|Publication number||US4739283 A|
|Application number||US 07/020,270|
|Publication date||Apr 19, 1988|
|Filing date||Mar 2, 1987|
|Priority date||Mar 2, 1987|
|Publication number||020270, 07020270, US 4739283 A, US 4739283A, US-A-4739283, US4739283 A, US4739283A|
|Inventors||Arthur J. Metz, James S. Lamb|
|Original Assignee||Tektronix, Inc.|
|Export Citation||BiBTeX, EndNote, RefMan|
|Patent Citations (2), Referenced by (2), Classifications (10), Legal Events (10)|
|External Links: USPTO, USPTO Assignment, Espacenet|
It is common in high-frequency amplifiers to provide some means by which transient response may be varied in order to adjust the circuit for optimum performance. Typically, transient response adjustments (also known as high-frequency compensation or signal peaking) are made by varying the values of reactive passive elements, such as capacitors or inductors in the signal path.
In other instances, recognizing that damping the factor (k) is associated with the quality factor (Q) of a resonant circuit and is thus related to the transient response, the damping factor may be adjusted by varying resistances as well as capacitances and inductances to provide a critically damped case wherein a step voltage rises to its final steady-state value without overshoot (underdamped case) or dribble-up (overdamped case).
In integrated circuits, implementation of transient response control is difficult because reactive components (or the tools used to adjust them) often introduce parasitic reactances into the circuit which compromise performance. Also, sensitive circuit nodes which need adjusting are often inaccessible, requiring additional off-chip compensation circuitry.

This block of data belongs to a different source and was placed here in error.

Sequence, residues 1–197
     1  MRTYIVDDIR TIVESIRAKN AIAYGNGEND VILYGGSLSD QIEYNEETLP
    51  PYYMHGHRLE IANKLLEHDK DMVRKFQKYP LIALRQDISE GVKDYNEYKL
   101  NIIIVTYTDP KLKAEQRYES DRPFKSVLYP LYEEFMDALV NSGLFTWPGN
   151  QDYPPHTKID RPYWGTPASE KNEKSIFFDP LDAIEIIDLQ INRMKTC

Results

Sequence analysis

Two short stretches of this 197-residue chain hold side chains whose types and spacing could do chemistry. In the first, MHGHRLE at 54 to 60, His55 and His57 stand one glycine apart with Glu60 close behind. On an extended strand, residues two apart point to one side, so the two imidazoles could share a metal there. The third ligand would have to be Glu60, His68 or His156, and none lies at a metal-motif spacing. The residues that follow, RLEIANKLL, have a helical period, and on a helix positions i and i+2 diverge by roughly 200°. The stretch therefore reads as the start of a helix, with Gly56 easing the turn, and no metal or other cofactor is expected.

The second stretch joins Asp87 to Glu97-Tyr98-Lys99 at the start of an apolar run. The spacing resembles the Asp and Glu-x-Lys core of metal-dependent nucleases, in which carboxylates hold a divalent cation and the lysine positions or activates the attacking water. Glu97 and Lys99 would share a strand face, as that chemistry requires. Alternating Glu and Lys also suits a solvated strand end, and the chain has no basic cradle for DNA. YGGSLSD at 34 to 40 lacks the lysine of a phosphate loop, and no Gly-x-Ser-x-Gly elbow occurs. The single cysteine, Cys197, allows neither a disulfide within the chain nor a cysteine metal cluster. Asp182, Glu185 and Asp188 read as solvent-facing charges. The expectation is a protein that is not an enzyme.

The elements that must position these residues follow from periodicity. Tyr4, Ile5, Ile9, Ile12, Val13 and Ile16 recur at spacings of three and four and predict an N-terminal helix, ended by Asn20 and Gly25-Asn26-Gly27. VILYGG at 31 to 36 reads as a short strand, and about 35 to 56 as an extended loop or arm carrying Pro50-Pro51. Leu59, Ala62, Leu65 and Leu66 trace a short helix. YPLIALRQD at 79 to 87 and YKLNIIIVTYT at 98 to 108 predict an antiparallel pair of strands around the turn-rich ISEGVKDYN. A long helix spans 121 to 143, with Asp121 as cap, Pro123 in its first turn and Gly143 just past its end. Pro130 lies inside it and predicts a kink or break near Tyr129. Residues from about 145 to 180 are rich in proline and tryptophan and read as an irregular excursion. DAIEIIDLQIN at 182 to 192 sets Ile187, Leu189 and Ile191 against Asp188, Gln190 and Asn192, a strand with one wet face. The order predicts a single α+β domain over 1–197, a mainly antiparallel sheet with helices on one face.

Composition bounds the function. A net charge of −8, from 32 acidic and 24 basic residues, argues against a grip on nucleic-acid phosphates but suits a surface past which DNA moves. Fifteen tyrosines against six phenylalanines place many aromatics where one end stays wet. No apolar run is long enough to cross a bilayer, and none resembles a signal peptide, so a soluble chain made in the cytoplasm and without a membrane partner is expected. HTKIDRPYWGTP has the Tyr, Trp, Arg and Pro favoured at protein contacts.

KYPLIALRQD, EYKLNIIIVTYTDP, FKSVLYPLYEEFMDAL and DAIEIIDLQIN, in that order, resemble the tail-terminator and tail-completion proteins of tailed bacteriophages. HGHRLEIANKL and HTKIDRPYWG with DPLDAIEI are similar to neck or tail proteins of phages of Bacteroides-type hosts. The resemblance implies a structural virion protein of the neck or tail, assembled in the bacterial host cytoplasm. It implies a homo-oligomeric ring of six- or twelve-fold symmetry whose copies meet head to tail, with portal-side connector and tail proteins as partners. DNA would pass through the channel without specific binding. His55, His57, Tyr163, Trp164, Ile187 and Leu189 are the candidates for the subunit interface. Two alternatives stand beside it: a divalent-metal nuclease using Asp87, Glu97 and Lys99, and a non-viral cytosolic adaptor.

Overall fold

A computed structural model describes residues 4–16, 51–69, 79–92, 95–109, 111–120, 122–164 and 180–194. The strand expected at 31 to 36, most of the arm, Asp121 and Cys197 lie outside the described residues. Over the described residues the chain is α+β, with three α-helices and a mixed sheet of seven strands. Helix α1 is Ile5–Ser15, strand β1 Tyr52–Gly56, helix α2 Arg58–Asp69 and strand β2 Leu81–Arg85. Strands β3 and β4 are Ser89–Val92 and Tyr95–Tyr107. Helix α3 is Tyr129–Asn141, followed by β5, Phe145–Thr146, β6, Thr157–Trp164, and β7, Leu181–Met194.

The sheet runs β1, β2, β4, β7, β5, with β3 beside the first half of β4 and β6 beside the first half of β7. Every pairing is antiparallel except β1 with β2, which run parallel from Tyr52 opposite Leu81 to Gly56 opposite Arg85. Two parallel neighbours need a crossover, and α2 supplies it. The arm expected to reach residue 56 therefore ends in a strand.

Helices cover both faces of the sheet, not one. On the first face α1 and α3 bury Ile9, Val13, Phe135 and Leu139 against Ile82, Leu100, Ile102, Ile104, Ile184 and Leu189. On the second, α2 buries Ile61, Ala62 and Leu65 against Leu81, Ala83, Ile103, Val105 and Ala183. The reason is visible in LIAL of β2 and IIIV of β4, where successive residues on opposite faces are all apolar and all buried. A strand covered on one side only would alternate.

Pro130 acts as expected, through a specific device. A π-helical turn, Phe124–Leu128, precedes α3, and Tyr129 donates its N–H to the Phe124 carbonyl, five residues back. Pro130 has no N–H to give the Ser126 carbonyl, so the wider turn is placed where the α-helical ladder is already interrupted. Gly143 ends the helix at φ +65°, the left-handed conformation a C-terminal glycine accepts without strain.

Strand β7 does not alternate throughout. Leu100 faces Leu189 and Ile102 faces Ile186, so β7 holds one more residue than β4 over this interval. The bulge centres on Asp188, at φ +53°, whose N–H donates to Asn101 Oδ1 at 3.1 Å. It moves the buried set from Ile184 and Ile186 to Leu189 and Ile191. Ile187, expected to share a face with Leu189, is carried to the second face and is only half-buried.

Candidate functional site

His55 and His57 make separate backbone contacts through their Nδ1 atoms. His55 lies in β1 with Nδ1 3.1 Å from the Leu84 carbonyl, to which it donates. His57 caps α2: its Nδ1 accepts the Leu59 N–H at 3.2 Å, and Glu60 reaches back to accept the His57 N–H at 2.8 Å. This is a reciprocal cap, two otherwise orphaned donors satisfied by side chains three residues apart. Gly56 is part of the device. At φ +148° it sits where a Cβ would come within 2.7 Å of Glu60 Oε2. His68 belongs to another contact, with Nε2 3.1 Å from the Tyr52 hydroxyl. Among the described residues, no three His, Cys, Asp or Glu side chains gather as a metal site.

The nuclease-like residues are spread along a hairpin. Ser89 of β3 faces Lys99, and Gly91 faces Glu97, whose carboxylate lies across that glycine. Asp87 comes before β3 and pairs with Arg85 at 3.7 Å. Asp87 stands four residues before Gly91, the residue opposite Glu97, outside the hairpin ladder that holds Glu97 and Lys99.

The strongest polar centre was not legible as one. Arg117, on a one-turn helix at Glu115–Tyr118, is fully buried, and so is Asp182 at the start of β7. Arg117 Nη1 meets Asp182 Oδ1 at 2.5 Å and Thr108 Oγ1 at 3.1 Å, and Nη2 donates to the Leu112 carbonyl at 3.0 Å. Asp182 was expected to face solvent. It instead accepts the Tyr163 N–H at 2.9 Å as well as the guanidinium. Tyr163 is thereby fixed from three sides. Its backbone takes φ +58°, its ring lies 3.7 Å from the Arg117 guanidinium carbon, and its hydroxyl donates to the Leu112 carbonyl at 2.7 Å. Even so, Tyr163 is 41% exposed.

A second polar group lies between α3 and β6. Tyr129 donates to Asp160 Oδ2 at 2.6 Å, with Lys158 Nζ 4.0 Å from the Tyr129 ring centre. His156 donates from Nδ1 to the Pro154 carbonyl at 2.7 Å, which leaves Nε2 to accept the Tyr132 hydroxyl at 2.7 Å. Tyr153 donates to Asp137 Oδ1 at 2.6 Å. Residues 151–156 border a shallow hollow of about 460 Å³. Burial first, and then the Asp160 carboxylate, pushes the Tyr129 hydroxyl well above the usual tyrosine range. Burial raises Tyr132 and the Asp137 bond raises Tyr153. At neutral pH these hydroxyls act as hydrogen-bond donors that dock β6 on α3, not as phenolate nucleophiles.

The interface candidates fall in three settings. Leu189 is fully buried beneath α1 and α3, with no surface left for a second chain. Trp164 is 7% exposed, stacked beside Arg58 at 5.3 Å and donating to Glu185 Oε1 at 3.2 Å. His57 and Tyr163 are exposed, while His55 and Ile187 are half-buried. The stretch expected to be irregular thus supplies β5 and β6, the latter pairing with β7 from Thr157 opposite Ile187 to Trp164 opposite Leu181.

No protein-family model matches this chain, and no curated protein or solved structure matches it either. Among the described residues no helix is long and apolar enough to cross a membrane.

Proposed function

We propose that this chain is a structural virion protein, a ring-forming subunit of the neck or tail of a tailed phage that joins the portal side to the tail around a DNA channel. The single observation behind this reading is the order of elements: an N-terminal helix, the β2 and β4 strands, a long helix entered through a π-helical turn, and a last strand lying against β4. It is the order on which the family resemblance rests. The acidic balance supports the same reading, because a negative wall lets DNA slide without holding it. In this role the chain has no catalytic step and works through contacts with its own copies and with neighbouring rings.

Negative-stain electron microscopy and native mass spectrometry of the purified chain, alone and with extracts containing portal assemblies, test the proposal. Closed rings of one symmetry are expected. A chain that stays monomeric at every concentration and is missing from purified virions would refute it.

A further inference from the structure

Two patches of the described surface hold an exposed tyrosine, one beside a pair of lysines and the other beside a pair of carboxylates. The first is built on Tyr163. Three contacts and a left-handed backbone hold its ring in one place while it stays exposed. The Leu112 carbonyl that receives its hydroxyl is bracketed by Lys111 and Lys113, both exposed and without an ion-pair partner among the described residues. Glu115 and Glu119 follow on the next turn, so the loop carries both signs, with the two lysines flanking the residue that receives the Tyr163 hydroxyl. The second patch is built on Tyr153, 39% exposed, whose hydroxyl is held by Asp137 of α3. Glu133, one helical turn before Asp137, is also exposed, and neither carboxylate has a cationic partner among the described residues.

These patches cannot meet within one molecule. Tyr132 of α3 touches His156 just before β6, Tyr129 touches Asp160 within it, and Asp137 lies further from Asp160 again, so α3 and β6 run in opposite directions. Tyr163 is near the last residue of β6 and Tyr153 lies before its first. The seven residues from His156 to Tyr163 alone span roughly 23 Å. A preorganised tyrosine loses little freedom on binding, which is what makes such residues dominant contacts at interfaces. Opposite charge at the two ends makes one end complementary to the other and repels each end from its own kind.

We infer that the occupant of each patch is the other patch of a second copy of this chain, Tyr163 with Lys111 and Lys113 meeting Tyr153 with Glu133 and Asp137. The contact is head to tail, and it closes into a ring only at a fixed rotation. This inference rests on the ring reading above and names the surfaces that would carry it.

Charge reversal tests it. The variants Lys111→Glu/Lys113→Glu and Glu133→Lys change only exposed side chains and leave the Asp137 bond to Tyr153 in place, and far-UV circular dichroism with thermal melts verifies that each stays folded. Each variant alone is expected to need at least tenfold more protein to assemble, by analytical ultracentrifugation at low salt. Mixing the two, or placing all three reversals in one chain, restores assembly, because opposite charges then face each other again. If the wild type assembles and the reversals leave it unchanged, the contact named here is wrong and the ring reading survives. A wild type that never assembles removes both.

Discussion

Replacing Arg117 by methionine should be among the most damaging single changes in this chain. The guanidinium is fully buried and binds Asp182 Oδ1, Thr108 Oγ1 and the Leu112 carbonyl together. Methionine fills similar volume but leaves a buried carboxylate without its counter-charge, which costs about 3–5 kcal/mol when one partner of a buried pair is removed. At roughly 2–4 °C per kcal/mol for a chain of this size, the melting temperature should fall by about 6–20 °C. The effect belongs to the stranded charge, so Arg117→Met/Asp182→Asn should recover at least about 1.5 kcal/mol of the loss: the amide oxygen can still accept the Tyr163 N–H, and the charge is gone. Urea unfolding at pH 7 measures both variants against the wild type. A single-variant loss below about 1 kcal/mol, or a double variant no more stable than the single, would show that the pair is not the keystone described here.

In accordance with the present invention, a variable transient response control for a linear integrated circuit high-frequency amplifier comprises a varible resistive damping network and an electronic control circuit therefor. The variable resistive damping network is inserted with a minimum of additional loading into the signal path at the point where the amplifier is most sensitive to damping.
It is therefore one object of the present invention to provide a transient response control for a linear integrated circuit high-frequency amplifier which can be inserted directly into the signal path with a minimum of loading, and which can be controlled externally without introducing parasitic reactances.
It is another object of the present invention to electronically adjust the damping factor of a high-frequency amplifier to provide optimum step response.
Other objects, features, and advantages of the present invention will become apparent to those having skill in the art upon a reading of the following detailed description when taken in conjunction with the accompanying drawings.
FIG. 1 is a schematic diagram of a high-frequency signal path having an adjustable damping resistive network in accordance with the present invention;
FIG. 2 depicts the equivalent resistance of a forward-conducting Schottky diode;
FIG. 3 shows the increased damping of a step signal as damping resistance is increased; and
FIG. 4 shows a transfer curve, plotting equivalent resistance versus control current, for the circuit of FIG. 1.